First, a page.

Here’s what a blank customer journey map might look like for one of our clients:
Nurture Mapping Is Good Too!
Reaching the right audience with the right message at the right time is tricky. That’s why we recommend you do some nurture mapping for your content marketing strategy as well. You don’t just want to attract leads fleetingly, you want them to stick around. Certain kinds of content nurture this behavior better than others depending where people are in the customer journey. The analysis of this phenomenon is known as nurture mapping, another of CSG’s mainstays for our clients.
Figuring out which prongs of your content array are best for each stage of the customer journey allows you to lay out an ideal flow of information for leads to encounter. Then you can steer different segments of your audience to different content, nurturing their interest in your company in the early going, the middle stages, and as the time for purchase decisions approaches. When you get finished, you’ll have something that looks like this:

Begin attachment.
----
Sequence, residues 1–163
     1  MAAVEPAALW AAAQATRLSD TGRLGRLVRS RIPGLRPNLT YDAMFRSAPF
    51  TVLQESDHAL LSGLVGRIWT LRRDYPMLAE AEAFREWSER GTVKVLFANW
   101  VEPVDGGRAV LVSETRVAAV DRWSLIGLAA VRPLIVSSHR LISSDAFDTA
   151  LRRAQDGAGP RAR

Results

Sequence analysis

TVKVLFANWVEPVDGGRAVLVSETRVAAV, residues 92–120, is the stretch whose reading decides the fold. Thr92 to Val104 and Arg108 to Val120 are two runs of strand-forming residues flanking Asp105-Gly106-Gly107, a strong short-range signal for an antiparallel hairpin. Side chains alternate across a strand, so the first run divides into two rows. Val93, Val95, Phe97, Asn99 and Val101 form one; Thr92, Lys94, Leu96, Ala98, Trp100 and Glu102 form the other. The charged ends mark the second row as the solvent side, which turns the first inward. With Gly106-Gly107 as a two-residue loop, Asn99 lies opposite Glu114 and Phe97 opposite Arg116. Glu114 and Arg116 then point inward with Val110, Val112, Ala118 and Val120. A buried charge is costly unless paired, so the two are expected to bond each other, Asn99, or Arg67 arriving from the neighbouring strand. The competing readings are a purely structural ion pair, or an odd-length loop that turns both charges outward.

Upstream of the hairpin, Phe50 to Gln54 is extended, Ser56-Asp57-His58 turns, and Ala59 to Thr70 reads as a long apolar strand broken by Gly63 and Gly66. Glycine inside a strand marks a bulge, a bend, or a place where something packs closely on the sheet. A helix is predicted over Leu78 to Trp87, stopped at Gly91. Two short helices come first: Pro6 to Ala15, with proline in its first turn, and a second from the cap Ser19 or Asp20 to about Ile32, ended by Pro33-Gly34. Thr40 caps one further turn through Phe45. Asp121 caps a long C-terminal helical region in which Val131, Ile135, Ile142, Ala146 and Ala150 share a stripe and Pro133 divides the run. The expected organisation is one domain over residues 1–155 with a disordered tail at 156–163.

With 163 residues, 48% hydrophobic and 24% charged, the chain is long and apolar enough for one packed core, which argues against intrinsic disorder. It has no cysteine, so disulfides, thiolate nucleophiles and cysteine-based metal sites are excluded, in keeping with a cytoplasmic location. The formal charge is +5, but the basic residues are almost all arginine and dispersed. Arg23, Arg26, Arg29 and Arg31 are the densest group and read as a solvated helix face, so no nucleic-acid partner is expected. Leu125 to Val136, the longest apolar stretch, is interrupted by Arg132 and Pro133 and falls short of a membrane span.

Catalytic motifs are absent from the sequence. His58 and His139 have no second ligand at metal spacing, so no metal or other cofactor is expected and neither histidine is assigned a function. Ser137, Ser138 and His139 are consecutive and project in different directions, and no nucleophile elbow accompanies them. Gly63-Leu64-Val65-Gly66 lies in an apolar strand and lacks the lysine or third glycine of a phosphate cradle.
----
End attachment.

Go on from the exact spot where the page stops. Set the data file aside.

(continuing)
Figure Out What Types of Content to Use
Over and over with clients, we have seen how blog articles, social media posts, videos, testimonials, infographics and other content can bring about more organic traffic, improved SEO performance, more leads, and ultimately more business. We recommend a mult-dimensional approach in most cases, but any one of those forms of content can have a big impact on its own. That’s why custom solutions are a key element of our content marketing definition. Here are some of the best types of content to consider as you refine the content strategy for your business.